Matt Mitchell at Neighborhood Effects offers an interesting perspective regarding the fiscal cliff. As we hurriedly approach the edge, Mitchell’s insights ought not to be ignored, whatever the outcome of today’s last minute meeting at the White House. Evoking the Ghost of Christmas Yet to Come from Charles Dickens’s A Christmas Carol, he writes,
At the risk of mixing metaphors, we should think of the fiscal cliff as the Ghost of the Fiscal Future. It is a bleak lesson in what awaits us if we don’t get serious about changing course.
Mitchell goes on to hint at the serious issue of intergenerational justice that our government’s current fiscal behavior will affect if it continues unchanged:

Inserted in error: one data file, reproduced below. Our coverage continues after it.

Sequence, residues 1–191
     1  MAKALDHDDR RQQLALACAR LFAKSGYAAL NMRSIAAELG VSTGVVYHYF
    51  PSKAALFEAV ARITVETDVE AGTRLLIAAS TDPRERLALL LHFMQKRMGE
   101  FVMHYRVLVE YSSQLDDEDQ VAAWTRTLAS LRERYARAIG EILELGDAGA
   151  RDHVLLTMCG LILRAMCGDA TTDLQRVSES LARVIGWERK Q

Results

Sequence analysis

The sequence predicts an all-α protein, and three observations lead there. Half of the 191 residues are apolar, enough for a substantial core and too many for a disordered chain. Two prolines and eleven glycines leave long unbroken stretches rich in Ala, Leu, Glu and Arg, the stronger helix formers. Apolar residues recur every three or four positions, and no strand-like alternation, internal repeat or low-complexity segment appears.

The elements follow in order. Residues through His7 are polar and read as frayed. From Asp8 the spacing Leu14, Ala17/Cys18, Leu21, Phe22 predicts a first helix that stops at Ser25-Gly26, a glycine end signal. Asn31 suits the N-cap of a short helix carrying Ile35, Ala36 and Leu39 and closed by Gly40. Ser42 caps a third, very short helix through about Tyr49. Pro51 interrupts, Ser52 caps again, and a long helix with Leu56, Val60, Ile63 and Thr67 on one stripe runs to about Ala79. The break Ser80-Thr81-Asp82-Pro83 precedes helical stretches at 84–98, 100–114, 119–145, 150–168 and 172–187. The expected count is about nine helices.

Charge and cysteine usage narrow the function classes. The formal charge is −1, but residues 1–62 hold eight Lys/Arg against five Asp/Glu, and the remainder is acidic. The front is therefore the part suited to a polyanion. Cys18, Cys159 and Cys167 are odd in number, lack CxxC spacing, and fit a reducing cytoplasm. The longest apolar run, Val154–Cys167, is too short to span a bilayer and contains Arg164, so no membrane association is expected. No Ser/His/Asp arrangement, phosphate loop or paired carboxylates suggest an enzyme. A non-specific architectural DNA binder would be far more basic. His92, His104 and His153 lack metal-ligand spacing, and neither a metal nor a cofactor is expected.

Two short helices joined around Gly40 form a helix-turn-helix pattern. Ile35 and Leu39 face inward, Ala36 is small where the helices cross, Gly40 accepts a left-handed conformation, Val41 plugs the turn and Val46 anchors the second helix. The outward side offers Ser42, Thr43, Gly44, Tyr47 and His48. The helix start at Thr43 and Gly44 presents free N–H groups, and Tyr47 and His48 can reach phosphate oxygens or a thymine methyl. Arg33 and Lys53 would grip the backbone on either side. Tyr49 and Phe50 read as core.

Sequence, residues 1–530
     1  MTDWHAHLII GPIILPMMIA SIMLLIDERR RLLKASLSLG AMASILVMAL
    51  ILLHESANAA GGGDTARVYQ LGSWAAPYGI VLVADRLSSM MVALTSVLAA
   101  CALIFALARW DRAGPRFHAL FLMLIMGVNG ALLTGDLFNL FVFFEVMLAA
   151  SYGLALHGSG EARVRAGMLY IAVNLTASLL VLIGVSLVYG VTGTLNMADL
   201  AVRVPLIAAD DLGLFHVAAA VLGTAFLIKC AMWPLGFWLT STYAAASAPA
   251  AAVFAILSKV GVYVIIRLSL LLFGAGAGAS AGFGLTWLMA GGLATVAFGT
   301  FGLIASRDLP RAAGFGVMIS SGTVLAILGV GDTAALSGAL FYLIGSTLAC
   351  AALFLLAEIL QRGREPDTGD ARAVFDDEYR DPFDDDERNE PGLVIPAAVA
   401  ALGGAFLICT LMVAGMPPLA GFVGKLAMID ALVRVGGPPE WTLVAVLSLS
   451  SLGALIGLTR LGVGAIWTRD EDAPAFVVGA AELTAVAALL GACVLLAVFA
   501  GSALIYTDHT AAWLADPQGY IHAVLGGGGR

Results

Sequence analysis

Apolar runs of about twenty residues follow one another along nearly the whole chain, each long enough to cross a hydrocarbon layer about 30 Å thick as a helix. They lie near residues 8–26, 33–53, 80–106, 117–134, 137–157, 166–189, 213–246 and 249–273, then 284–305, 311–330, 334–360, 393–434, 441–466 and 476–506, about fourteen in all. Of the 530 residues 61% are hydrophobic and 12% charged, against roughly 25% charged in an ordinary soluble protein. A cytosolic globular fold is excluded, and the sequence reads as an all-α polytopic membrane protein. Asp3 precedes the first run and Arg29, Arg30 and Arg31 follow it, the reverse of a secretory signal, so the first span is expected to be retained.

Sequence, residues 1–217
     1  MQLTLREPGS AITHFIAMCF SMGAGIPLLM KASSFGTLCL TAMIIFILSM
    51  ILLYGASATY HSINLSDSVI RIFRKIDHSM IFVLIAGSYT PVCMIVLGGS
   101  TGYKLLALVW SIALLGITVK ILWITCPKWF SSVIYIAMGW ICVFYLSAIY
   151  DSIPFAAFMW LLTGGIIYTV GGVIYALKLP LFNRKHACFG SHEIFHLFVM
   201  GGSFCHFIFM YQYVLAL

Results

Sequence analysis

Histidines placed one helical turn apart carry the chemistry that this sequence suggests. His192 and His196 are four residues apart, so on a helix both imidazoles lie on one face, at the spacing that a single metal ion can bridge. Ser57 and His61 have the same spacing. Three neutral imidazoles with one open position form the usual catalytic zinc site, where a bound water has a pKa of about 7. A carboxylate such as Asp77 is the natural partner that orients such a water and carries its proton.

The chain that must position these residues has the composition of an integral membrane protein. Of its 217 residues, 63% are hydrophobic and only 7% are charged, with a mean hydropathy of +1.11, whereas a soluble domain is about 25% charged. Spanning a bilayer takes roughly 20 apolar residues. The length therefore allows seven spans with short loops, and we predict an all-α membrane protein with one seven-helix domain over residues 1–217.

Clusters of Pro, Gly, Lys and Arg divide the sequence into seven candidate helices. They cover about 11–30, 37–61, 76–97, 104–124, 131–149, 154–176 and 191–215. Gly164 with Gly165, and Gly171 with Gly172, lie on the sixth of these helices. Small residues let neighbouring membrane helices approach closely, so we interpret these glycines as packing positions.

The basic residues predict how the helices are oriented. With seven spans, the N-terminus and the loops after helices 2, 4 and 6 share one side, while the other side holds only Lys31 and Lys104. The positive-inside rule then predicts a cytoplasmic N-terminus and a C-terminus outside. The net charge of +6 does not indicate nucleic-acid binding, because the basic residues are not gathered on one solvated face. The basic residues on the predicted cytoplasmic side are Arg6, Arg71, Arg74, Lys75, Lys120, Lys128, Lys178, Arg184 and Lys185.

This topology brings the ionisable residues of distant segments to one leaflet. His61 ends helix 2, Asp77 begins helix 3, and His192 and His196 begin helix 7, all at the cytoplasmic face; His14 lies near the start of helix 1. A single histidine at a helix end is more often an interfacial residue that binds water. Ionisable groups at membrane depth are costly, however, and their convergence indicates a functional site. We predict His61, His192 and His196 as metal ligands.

The non-partisan Congressional Budget Office [CBO] now projects that, absent policy change, when my two-year-old daughter reaches my age (32), revenue will be just a bit above its historical average at 19 percent of GDP while spending will be nearly twice its historical average at 39 percent of GDP. This is what economists mean when they say we have a spending problem and not a revenue problem: spending increases, not revenue decreases, account for the entirety of the projected growth in deficits and debt over the coming years. (more…)